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Flexible Automation and Intelligent Manufacturing,  1997:<br>Proceedings of the Seventh International FAIM Conference

ISBN:
978-1-56700-089-4 (Print)
978-1-56700-442-7 (Online)

THE USE OF THE MONTE CARLO METHOD FOR TOOL SELECTION IN THE SHEET METAL INDUSTRY

E. Summad
School of Engineering, University of Durham, Durham DH1 3LE, England

E. Appleton
School of Engineering, University of Durham, Durham DH1 3LE, England

Abstract

Using modern numerically controlled fabrication methods, a single punch tool can be used to punch holes in more than one product design and it is also possible to punch complex shapes by using a combination of tools which are available from a turret. Therefore, numerically controlled methods have the potential to overcome many of the tool inflexibility drawbacks of traditional methods, thereby significantly increasing overall flexibility in production and design. Since reducing or eliminating set-ups is a primary advantage of numerically controlled methods, implementing them in an inefficient fashion, that requires unnecessarily frequent set-ups, is obviously an ineffective strategy. Thus, selecting appropriate tooling in numerically controlled manufacture is an important economic issue.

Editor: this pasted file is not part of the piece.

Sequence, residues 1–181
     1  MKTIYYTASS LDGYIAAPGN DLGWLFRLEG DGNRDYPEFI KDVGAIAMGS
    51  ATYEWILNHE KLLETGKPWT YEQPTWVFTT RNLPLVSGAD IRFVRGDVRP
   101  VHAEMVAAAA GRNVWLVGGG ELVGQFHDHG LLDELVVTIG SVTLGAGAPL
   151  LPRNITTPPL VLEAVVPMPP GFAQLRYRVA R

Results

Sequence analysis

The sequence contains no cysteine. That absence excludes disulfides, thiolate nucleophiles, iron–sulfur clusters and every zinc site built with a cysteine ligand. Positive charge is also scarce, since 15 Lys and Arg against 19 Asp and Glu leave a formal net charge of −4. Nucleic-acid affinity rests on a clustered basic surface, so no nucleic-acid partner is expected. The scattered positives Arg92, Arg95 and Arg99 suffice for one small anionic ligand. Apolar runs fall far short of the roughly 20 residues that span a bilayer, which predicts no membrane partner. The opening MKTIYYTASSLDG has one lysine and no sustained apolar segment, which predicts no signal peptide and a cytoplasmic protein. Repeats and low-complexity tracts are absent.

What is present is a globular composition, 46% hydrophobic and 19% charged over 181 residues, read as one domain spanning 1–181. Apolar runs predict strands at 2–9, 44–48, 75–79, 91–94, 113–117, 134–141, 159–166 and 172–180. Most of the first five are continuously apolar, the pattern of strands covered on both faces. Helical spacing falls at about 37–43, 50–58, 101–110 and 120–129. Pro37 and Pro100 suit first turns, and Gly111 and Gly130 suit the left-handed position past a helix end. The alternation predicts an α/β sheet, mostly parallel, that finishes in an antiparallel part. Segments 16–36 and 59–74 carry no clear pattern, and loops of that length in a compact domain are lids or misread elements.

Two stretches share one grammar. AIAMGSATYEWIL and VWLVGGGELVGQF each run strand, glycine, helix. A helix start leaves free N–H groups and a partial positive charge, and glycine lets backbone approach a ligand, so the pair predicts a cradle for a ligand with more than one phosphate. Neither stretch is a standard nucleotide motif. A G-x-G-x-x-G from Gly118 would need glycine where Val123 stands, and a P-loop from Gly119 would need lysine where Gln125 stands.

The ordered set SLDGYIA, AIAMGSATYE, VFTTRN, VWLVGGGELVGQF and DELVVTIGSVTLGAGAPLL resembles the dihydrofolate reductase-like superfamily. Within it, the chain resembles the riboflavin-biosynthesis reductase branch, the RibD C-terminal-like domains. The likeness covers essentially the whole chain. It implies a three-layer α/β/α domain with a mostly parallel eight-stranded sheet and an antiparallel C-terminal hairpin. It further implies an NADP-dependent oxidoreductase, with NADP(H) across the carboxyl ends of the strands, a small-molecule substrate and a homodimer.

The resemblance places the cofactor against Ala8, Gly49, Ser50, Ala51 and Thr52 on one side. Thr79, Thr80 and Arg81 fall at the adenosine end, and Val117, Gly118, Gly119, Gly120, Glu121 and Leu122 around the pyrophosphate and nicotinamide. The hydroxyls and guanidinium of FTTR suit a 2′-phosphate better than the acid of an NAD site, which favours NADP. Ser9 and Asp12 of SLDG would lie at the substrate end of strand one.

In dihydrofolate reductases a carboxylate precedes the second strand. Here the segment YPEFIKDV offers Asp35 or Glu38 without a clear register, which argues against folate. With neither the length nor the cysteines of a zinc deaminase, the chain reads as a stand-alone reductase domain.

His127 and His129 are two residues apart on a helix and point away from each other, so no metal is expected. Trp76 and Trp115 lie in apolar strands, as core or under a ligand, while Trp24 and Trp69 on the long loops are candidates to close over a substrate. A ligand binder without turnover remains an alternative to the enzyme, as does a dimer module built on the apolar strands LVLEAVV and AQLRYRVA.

In the present work, the approach has been to develop a generic algorithm to select the best set of tools for producing any given sheet metal part, based upon searching a huge explosive decision tree which, in a practical sense is impossible to solve analytically. This paper will show how the well known Monte Carlo simulation technique can be used in the decision tree search and hence in the process of selecting appropriate tooling.